“Art is the key to the troubles of the mind.” One of the characters actually says that line in Milorad Krstic’s highly original new Hungarian animated feature Ruben Brandt, Collector.
He may also be talking about Krstic’s beautiful new work, which is unlike anything you will probably see on the big screen this year.
The plot centers on a famous psychotherapist who sets out to steal 13 of the world’s most famous paintings to stop the nightmares that haunt him at night. He and his gang of thieves, accompanied by four of his patients, manage to steal some of the most prized works of art from the Louvre, Tate, Uffizi, Hermitage and MoMA.
As the film’s writer-director puts it, “It’s an exploration of art, from the point of view of a serial robber,” according to Krstic. “I didn’t want an art-house film about art. Instead, I wanted a crime film about art.”
The multi-talented artist, who grew up in Slovenia and lives in Budapest, tells us his goal was to use animation to create an action-thriller or a noir movie, free from cartoony exaggerations. “About eight years ago, I put together some of the first graphic images from the movie on my blog,” says Krstic. “That was my method to create the interesting graphic images, and then find appropriate places for them in the storyboard.”
He says he knew from the beginning that his film was going to be told from the art thief’s perspective. “I also wanted my graphic world to be distinctive and unusual,” he adds. “But at the same time, I wanted the characters to move in a standard way, following the usual rules of anatomy and the natural world. Otherwise, the movie couldn’t be really persuasive as a crime film.”
In 2011, Krstic wrote a play based on the concepts that would emerge as the moive. “The play, which was also titled Ruben Brandt, Collector, premiered in Kunsthalle, Budapest,” he notes. “The director and the choreographer was Csaba Horváth. The performance was fantastic, and at that time, my script was significantly different. Later, we started to develop the animated film.”
2D Is Key
With a price tag of $4.2 million, the movie was funded by the Hungarian National Film Fund (75%) and the Hungarian Film Incentive (25%). It took Krstic and his team of about 110 artists four years to complete. “We had to build a team for this production, so we found several very good animators and other experts in the field. Thanks to the enthusiasm and dedication of everyone on the team, we were able to finish the project. We used several animation techniques as hand-drawn animation (TVPaint), computer animation (Anime Studio), digital compositing (After Effects), 3D animation (Maya, Blender). Throughout the whole process, our intention was to sustain the feeling of 2D animation.”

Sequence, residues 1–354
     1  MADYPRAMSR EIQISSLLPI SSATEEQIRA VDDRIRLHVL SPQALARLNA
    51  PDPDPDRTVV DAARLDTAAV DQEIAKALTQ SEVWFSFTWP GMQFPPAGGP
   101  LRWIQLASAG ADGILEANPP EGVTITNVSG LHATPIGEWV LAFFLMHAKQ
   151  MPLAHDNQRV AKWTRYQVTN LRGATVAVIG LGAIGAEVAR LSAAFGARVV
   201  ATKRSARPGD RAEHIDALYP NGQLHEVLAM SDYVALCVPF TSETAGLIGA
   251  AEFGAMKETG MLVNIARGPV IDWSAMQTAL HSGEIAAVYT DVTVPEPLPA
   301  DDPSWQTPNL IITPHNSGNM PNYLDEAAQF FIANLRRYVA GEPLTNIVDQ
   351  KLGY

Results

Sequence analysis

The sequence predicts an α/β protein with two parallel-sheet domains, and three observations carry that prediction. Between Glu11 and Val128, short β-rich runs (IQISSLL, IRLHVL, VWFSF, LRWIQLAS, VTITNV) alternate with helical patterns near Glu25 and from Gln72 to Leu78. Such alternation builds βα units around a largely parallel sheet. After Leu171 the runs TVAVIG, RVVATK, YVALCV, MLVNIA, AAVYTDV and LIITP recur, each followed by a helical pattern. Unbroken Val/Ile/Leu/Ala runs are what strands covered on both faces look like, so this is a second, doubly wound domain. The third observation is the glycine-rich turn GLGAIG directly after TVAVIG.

Filmgoers may notice a wide variety of familiar artistic influences on display in Ruben Brandt. Krstic says he grew up drawing and painting and absorbing all the many different artistic masterpieces he encountered. “I mean everything from Lascaux and Altamira cave paintings to Rembrandt to Picasso, from Venus of Willendorf to Michelangelo to Henry Moore,” he says. “In this movie there are tens of remakes of famous paintings, and tens of references to movies I like. It was always a challenge for me to repeat the power and the energy of the originals, and to give them fresh forms and put my own personal stamps. I’m not satisfied to just copy other artists works.”
For Krstic, whose previous foray into animation was the award-winning 1995 short My Baby Left Me, one of the main challenges of the project was experimenting with a longer format, while still keeping an auteur’s touch. “It had to do with whether I was able to make an animated film which could keep attention of the audience for 90 minutes,” he explains.
When asked about his animation influences, Krstic says he considers the scene in which Bambi calls for his dead mother one of the most heartbreaking ones in the history of animation. “I grew up watching Tom and Jerry, Peter Pan and Popeye cartoons on TV,” he says. “Some of my all-time favorites are Bugs Bunny, Daffy Duck, Pink Panther and [Osvaldo Cavandoli’s Italian series] La Linea.”
Ruben Brandt, Collector debuted at the Locarno festival and will be released in Hungary in November and in China (through Lemon Tree Media) later this year. Krstic hopes the film finds a wide audience around the world in the months ahead. “People sometimes laugh during screenings, but at the end they seem to be seriously affected by it,” notes the director. “Most of them tell me that would like to see it one more time. Jacque Tati once said that he wants the film to start when moviegoers leave the theatre. That is the ideal result for me as well. I would like it if the movie inspires people to discuss it afterwards.” He adds modestly, “And I do hope they won’t feel as if they had wasted an hour and a half of their lives!”
Now that he has this major stylish feature under his belt, does he have any tips for future filmmakers? “I have a litmus test or indicator which easily shows whether you were born to be an animated or a live-action movie maker,” he offers. “If you prefer vintage posters of, for example, French Riviera more than actual photographs of that location, you are destined to work in animation! Don’t forget that in the animation world, imagination and beauty are beyond logic and truth.”
Ruben Brandt, Collector premiered at the Locarno Festival this month.
“If you prefer vintage posters of, for example, French Riviera more than actual photographs of that location, you are destined to work in animation!”
Writer/director Milorad Krstic